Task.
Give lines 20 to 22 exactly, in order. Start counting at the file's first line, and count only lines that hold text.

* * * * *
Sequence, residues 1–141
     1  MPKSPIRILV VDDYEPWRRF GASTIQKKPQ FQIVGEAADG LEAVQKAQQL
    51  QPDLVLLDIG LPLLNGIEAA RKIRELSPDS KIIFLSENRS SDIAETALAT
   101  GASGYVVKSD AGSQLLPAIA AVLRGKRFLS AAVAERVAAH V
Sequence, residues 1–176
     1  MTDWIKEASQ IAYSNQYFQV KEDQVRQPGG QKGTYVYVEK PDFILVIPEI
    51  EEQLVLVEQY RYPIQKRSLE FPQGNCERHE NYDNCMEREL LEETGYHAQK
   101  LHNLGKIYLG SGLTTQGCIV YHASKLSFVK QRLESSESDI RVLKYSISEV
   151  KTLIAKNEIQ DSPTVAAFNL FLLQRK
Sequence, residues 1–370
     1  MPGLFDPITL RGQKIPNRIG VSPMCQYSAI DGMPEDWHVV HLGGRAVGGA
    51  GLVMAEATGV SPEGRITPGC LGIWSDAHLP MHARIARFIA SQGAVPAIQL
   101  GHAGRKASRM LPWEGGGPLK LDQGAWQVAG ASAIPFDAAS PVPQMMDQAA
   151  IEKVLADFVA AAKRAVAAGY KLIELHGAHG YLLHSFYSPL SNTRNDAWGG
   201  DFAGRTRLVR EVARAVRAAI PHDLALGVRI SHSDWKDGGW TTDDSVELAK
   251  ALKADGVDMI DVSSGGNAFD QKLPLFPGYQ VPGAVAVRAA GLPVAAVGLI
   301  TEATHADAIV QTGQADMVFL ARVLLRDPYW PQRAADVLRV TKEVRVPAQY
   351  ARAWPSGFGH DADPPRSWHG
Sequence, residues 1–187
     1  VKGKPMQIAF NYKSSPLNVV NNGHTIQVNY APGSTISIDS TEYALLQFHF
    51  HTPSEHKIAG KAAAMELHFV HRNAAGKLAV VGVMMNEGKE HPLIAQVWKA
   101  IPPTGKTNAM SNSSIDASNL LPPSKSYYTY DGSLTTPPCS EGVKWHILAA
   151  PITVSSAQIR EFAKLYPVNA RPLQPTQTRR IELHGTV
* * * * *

     1  VKGKPMQIAF NYKSSPLNVV NNGHTIQVNY APGSTISIDS TEYALLQFHF
    51  HTPSEHKIAG KAAAMELHFV HRNAAGKLAV VGVMMNEGKE HPLIAQVWKA
   101  IPPTGKTNAM SNSSIDASNL LPPSKSYYTY DGSLTTPPCS EGVKWHILAA